For me it has been a natural progression during my life.
One of my jobs at around 10 years old was making deliveries for a local butcher on a Saturday in my (then) local town of Dorking. An eight mile bike-ride from home to Dorking, wrapping labelling and packing the orders into the basket of the shop-bike, the journey on the delivery bike and then the eight mile bike-rid back home – all that for about £0.67 – decimal currency equivalent. That job was an enjoyable job, particularly the interaction with the customers. Times were tough back then, so the actual amount of meat in my family’s diet was not great – we simply couldn’t afford anything but the cheaper meats, e.g. mince, sausages, offal etc.
I emigrated to Australia in the early 1960’s and spent the next 10 years eating a pretty normal diet that certainly included a significant amount of fish and meat products. By the mid 70’s, I had moved to New Zealand and was climbing the management ladder. I was married and with the birth of son number one, we decided to quit the city and move to a rural area at the northern tip of New Zealand’s South Island. That was the first time my life that I had ever had hands-on experience of the entire meat production industry; from farming right through to slaughtering and processing.
By the 80’s following major changes in NZ agriculture and horticulture industries I returned to business life – and back in the city. Promotion to mid management level followed and in the late 90’s another stage in my business life was unfolding – mounting a few steps further up the ladder and a move back to the UK.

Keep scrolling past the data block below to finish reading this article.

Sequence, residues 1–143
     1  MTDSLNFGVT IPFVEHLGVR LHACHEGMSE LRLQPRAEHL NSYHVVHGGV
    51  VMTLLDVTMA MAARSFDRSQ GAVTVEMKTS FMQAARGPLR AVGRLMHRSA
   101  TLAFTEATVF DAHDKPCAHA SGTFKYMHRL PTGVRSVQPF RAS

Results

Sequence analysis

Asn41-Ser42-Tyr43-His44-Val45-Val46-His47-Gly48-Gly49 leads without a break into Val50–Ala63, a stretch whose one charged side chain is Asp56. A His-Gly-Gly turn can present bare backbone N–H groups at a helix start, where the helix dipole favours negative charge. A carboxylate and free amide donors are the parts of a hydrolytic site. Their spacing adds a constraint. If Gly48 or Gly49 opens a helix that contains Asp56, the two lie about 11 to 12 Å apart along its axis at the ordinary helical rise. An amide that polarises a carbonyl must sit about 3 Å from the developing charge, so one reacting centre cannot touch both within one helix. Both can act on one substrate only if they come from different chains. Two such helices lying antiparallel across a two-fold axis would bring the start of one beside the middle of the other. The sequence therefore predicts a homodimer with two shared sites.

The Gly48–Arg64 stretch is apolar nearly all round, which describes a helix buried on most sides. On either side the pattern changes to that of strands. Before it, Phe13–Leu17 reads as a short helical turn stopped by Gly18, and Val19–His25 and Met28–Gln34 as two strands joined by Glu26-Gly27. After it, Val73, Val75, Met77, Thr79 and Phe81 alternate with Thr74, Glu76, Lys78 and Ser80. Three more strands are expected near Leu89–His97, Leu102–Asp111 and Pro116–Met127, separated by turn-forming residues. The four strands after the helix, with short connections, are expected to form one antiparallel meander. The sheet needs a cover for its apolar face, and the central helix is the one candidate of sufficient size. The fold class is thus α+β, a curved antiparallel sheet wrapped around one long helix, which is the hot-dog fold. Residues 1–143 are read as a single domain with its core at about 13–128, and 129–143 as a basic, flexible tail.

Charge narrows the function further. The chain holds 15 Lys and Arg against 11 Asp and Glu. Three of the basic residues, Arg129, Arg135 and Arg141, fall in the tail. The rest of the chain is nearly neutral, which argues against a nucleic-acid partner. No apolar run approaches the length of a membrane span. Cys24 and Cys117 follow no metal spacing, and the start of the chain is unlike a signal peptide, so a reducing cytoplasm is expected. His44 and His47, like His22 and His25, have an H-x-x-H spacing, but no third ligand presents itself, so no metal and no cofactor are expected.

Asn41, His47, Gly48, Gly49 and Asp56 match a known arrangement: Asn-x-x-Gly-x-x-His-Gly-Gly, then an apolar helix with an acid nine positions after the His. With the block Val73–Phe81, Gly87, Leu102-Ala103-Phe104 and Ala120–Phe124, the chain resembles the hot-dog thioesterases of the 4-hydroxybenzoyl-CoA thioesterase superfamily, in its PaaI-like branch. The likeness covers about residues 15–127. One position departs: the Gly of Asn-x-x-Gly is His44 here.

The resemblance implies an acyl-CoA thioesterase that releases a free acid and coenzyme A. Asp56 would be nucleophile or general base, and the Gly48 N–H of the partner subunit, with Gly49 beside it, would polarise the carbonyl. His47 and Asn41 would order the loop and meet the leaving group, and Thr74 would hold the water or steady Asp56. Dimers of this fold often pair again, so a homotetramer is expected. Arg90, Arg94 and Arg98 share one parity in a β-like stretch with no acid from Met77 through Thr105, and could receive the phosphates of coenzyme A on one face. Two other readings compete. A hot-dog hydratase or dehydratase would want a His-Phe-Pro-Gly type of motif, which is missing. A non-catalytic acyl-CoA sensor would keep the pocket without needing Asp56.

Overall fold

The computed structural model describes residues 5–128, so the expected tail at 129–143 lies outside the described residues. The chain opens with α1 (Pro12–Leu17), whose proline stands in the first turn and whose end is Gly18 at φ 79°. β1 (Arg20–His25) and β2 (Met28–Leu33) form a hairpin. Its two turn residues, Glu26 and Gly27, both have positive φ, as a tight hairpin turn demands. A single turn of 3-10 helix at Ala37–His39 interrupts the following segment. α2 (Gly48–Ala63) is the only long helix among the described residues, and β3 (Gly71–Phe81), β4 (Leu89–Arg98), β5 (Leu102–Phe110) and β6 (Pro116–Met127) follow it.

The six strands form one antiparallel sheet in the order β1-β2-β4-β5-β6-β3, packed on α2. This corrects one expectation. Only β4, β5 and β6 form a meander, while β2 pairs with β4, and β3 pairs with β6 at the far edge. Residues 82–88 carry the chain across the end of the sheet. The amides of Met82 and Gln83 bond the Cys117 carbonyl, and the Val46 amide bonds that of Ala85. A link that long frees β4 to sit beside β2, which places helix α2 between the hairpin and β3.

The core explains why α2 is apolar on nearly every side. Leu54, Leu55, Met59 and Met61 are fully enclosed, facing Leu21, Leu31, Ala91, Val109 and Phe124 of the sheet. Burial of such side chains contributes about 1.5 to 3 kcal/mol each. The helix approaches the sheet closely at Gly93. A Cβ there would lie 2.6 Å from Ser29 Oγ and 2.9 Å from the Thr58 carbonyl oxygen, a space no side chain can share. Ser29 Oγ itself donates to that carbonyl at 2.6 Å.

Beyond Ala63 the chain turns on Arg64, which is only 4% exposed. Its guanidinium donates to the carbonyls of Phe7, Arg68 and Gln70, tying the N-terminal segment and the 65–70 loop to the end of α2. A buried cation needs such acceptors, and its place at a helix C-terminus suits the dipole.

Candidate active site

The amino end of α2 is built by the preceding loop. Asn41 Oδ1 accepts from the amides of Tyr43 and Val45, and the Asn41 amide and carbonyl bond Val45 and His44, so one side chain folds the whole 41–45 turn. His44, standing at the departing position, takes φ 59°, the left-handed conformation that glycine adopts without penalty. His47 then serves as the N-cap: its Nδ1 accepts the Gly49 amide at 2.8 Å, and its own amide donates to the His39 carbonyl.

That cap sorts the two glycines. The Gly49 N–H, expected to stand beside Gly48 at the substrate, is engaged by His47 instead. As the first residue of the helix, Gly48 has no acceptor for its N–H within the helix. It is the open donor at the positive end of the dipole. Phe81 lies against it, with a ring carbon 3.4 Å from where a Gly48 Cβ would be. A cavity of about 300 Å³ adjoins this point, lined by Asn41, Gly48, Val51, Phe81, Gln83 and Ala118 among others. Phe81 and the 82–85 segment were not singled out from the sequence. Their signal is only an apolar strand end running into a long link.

I retired just after the start of the new millennium, and became self-employed as an on-line sign-maker. Alas, I was unable to reap any major benefit from the business as within three years my health took a turn for the worse. Osteoarthritis in my hands had worsened in particular, which was the start point. Other ailments though were waiting in the wings, and reared their heads in subsequent years – hyperthyroidism and angina as a result of clogged arteries. Appropriate medication plus two heart operations (insertion of stents in narrowed cardiac arteries) resulted in effective remedies. In 2013 however I was suddenly confronted with serious fatigue as well prostate cancer.
In the early stages of my ailments in the second year of the millennium I started researching on-line as well as in books and similar literature to learn more about health and nutrition – each ailment that I had had (and was still) dogging me seemed to have a ‘nutrition‘ dimension. So, out went the saturated fats and in came low fat (skimmed) milk, olive oil spread. It brought very much to front of my mind what I saw (and still see!) as moral and ethical issues with the farming of animals specifically for subsequent slaughter and the harvesting of an ever decreasing population of fish stocks.
So, I took the decision to not eat any more meat or fish, and no more pre-packaged ready-meals. In came hand-made meals from natural and healthy ingredients. Organic ingredients and foods, salads, vegetables and natural fruits. By 2010 I had became a vegetarian and since then I have never looked back.
The battle with prostate cancer in 2013 though, was an enormously stressful time, but after monthly hormone injections over six months, followed by a further month of daily radiography sessions it seems that that battle just might be over. Time will tell. One day at a time.
Vegetarianism combined with daily healthy exercise activities has meant that I am now fitter and healthier than I have ever been in my life.
The only ongoing item is the fatigue issue. That is now my focus.